Do I need a teacher?It is theoretically possible to learn meditation from a book. However most people who teach and practice meditation agree that a teacher can be an invaluable aid in learning a meditation technique and making sure it is practiced correctly. The beginner will usually have several questions, which a teacher will be able to answer. Also, learning with a group of people, e.g. a meditation class, allows you to experience the benefit of meditating with a group of people. Most people find that they have some of their best meditations while meditating in a group, because there is a collective energy and focus present.
Various individuals and groups teach meditation. Some charge and some do not. Many different techniques are taught, some more spiritual in nature and others mainly concerned with stress–reduction and gaining a little peace of mind. As always, the important thing is finding what works for you.
How is meditation different from relaxation, thinking, concentration or self–hypnosis?Relaxation: Relaxation is a common byproduct of meditation. Relaxation itself can assume many forms, such as taking a hot bath or reclining in the Lazy–boy and watching TV, etc. Meditation is an active process where the meditator remains fully aware of what the awareness is doing. It also attempts to transcend the thought process whereas many forms of relaxation still engage the thought process. Meditation allows the body to relax and can offset the effects of stress both mentally and physically to a potentially much greater degree than passive relaxation.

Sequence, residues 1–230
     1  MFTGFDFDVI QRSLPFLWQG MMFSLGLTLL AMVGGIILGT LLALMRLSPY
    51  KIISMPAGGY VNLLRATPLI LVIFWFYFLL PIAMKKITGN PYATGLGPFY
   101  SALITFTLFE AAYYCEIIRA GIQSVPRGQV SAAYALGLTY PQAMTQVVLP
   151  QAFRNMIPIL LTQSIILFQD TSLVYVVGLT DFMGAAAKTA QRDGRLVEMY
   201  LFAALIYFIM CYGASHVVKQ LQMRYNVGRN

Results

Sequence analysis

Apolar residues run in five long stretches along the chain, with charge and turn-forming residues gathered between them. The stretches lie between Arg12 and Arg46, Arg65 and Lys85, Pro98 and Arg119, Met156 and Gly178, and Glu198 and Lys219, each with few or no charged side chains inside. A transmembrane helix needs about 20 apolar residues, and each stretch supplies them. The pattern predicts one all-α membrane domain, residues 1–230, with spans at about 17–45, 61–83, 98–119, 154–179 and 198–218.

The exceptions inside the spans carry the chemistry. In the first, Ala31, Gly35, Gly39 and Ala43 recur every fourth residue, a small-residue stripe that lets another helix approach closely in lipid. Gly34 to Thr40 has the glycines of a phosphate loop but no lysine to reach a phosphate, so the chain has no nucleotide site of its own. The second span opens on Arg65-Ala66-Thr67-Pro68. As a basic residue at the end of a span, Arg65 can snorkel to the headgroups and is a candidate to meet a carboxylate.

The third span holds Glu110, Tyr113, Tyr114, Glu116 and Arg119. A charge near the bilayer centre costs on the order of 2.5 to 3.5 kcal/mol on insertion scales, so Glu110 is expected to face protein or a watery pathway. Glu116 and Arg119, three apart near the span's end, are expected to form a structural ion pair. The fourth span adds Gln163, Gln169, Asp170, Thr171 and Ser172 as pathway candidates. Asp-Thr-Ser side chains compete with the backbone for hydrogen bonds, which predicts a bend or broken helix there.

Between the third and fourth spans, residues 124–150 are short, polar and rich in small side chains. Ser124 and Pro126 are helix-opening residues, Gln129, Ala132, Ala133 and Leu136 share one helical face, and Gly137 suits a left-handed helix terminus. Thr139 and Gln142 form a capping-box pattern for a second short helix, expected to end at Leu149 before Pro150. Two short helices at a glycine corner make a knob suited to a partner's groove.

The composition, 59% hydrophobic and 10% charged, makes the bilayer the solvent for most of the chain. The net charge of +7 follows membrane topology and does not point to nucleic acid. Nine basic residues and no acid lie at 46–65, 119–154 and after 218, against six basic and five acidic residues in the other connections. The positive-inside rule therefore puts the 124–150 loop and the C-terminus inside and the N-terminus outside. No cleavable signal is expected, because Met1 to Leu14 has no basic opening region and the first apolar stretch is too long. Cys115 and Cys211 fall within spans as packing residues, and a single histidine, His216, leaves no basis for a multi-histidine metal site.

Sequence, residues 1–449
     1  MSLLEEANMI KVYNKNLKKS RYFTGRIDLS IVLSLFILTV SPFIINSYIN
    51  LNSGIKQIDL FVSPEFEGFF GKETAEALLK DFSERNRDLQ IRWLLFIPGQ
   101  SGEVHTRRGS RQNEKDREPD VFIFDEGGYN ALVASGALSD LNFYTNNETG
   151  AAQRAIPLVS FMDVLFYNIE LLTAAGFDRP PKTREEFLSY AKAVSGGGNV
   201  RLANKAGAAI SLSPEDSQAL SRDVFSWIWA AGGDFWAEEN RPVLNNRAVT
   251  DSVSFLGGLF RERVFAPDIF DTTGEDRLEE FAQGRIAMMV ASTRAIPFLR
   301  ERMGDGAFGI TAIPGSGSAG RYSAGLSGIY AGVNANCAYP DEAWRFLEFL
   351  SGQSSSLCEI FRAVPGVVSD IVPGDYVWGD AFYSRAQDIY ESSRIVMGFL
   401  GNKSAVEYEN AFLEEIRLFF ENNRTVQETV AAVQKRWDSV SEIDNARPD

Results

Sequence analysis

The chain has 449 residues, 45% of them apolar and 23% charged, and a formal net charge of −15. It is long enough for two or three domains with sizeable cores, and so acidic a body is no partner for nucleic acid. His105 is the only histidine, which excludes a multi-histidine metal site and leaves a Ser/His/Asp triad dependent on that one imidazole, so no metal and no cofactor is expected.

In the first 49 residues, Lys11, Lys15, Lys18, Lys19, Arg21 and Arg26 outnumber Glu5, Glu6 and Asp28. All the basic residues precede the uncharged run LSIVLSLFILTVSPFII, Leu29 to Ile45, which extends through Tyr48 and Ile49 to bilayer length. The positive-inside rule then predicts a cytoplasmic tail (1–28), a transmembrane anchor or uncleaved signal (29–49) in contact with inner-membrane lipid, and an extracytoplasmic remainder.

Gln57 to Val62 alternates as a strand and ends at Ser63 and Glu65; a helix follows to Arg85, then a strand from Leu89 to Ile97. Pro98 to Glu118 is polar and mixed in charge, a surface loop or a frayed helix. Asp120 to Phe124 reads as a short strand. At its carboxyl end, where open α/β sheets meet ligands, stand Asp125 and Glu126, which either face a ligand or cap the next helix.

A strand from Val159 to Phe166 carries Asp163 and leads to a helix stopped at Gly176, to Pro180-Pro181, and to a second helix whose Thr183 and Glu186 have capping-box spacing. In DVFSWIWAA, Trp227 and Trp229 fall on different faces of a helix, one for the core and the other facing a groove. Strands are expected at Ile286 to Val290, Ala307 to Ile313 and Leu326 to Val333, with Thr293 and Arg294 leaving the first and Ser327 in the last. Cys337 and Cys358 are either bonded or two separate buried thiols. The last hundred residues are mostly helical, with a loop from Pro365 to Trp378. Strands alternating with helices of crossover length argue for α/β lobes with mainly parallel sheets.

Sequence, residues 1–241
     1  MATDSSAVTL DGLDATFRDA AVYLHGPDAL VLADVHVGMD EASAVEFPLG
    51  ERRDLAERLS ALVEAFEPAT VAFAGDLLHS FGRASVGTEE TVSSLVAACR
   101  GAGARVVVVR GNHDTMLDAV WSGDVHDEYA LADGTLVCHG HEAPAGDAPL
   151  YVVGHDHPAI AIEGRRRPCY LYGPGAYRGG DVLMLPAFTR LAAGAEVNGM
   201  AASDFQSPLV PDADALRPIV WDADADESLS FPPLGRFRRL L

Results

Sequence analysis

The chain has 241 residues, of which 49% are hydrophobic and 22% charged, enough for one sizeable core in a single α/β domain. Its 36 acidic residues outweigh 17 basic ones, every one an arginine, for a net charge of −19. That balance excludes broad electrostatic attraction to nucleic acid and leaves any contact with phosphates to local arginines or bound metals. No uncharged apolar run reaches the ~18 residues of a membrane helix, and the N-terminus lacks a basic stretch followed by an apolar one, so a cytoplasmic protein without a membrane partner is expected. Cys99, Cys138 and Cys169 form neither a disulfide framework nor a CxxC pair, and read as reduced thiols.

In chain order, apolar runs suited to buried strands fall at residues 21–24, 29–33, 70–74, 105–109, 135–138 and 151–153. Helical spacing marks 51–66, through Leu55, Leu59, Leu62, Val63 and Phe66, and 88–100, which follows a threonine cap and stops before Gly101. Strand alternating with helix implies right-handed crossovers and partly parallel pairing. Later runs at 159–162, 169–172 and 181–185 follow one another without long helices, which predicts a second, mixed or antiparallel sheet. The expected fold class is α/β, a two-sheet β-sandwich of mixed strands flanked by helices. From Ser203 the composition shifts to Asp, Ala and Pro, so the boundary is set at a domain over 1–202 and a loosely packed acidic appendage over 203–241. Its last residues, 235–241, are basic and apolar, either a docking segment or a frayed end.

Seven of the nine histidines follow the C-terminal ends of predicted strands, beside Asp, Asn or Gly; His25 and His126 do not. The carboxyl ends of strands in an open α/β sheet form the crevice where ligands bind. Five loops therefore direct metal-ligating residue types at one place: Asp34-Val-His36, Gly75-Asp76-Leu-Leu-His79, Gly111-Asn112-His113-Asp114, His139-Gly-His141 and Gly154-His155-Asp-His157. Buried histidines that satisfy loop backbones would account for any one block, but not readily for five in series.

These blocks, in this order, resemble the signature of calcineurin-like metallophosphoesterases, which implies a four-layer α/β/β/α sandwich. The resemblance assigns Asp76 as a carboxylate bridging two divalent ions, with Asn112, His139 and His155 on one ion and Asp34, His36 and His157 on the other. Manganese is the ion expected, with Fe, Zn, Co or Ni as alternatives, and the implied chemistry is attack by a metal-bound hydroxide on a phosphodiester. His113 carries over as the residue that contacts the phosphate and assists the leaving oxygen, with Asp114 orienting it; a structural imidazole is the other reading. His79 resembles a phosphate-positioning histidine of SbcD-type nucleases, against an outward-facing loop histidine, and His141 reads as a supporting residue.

Thinking: Thoughts generally consume energy in the process of their formation. Constant thought–activity, especially of random nature, can tire the mind and even bring on headache. Meditation attempts to transcend this crude level of thought activity. Through regular practice one becomes aware that they are not their thoughts but that there is an awareness that exists independent of thought. Descartes (I think, therefore I am) obviously was not a regular meditator!
Concentration: Meditation begins with concentration, but after an initial period of concentration, thought activity decreases and keeping the awareness focused becomes more spontaneous. At this point the person may or may not continue to employ the object of concentration.
Self–hypnosis: Self–hypnosis, like meditation, involves at least an initial period of concentration on an object. However in hypnosis one does not try to maintain an awareness of the here and now, or to stay conscious of the process. Instead one essentially enters a sort of semi–conscious trance.